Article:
|STUBBS, TAMI - Washington State University|
|GUY, STEPHEN - Washington State University|
|KUEHNER, JOHN - Washington State University|
Submitted to: ASA-CSSA-SSSA Annual Meeting Abstracts
Publication Type: Abstract Only
Publication Acceptance Date: 5/15/2010
Publication Date: N/A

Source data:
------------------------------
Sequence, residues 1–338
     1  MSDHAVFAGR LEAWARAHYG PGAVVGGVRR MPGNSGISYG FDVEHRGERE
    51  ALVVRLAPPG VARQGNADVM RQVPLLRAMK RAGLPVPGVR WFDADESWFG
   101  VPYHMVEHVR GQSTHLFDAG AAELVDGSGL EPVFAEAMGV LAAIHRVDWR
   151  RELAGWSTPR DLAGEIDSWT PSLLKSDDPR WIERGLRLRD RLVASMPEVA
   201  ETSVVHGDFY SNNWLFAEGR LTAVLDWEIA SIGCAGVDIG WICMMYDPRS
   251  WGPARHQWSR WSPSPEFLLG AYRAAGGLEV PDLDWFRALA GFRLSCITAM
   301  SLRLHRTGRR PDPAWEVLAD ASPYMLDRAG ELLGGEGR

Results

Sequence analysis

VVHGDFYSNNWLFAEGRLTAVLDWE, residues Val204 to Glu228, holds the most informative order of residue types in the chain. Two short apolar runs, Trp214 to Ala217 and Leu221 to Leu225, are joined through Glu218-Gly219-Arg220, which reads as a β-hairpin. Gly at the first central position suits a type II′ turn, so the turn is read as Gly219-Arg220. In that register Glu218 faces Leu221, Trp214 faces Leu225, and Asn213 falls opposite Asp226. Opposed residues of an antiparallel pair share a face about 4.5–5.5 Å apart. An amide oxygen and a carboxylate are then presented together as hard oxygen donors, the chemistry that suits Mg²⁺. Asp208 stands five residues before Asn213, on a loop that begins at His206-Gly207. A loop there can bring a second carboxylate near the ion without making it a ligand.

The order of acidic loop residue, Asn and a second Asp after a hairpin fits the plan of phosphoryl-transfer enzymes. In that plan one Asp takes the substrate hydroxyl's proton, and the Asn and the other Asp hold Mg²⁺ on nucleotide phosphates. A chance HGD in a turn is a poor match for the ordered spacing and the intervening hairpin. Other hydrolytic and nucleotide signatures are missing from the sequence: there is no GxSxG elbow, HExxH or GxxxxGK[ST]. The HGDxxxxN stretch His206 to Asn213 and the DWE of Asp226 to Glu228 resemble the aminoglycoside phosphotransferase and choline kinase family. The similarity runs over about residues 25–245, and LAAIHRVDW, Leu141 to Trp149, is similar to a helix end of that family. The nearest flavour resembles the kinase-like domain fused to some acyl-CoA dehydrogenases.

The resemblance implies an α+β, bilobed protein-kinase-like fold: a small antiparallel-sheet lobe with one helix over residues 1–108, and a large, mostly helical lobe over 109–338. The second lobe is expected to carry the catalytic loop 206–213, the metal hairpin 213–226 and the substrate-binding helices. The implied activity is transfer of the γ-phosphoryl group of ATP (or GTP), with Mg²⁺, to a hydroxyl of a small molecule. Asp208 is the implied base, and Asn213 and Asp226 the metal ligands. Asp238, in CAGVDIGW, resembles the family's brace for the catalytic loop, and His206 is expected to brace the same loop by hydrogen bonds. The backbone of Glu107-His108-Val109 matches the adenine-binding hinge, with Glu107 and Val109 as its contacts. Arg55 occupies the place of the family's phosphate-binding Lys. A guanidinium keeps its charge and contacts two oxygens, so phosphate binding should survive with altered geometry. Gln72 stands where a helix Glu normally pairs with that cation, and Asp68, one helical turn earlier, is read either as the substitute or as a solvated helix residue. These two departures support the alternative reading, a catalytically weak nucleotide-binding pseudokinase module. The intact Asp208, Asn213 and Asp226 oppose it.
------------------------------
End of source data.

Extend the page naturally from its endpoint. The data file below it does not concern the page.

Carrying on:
Technical Abstract: Residue management is a major concern for growers who wish to practice minimum- or no-tillage farming in the dryland farming region of the Pacific Northwest. In higher rainfall zones, abundant cereal residue inhibits no-till seeding on steeply sloping land; conversely in lower rainfall zones too little residue may exist to conserve precious soil moisture or to combat wind erosion. The objective of this research was to characterize the winter wheat and spring barley cultivars currently grown in the region, as well as some experimental cultivars, for their fiber and nutrient content. Using traditional wet-chemistry and combustion methods, we found that cultivars varied in their neutral detergent fiber (NDF), acid detergent fiber (ADF), acid detergent lignin (ADL), ash (AIA), carbon (C), and nitrogen (N) content, and thus hemicellulose and cellulose content. Acid detergent lignin was highest in spring barley residue, followed by hard winter wheat and soft white winter wheat. Soft white winter wheat had higher hemicellulose and cellulose than hard winter wheat and spring barley. Spring barley residue NDF, ADF and ADL were lower in areas of lower annual precipitation. Winter wheat residue did not follow that same trend for NDF, ADF or ADL. Straw from lower rainfall zones had the lowest AIA. Near-infrared spectroscopy (NIRS) shows promise as a method to reduce the time, labor, and chemicals needed to characterize residue through traditional methods. NIRS was able to accurately predict NDF and ADF of wheat and barley residue (R2 > 0.90), and was moderately successful in predicting ADL content (R2 = 0.81). Information on differences in straw decomposition among wheat and barley cultivars will assist growers in selecting cultivars for reduced tillage systems.